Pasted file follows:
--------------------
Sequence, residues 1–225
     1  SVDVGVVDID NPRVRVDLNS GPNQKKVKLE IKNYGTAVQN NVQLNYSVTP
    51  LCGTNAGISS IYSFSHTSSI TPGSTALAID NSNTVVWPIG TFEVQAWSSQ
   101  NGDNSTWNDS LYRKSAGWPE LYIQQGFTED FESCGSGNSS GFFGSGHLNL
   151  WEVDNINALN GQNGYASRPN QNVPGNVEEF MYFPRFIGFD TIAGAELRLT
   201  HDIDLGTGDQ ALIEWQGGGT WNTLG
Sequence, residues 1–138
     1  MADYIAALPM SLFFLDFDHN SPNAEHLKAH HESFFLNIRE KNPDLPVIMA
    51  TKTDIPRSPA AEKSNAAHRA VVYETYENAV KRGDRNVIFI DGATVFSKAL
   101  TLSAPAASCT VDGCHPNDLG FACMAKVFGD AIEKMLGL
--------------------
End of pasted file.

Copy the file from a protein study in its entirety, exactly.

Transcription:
Sequence, residues 1–225
     1  SVDVGVVDID NPRVRVDLNS GPNQKKVKLE IKNYGTAVQN NVQLNYSVTP
    51  LCGTNAGISS IYSFSHTSSI TPGSTALAID NSNTVVWPIG TFEVQAWSSQ
   101  NGDNSTWNDS LYRKSAGWPE LYIQQGFTED FESCGSGNSS GFFGSGHLNL
   151  WEVDNINALN GQNGYASRPN QNVPGNVEEF MYFPRFIGFD TIAGAELRLT
   201  HDIDLGTGDQ ALIEWQGGGT WNTLG
Sequence, residues 1–138
     1  MADYIAALPM SLFFLDFDHN SPNAEHLKAH HESFFLNIRE KNPDLPVIMA
    51  TKTDIPRSPA AEKSNAAHRA VVYETYENAV KRGDRNVIFI DGATVFSKAL
   101  TLSAPAASCT VDGCHPNDLG FACMAKVFGD AIEKMLGL